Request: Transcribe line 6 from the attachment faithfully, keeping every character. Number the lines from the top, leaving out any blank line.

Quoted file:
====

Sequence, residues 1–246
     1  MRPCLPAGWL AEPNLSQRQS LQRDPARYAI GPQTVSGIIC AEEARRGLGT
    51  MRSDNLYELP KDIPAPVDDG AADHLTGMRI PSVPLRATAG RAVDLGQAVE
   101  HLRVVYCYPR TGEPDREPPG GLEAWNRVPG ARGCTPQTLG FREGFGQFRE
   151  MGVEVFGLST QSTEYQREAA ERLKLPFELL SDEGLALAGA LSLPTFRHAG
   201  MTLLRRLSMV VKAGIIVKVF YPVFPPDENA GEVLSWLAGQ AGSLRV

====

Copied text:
   201  MTLLRRLSMV VKAGIIVKVF YPVFPPDENA GEVLSWLAGQ AGSLRV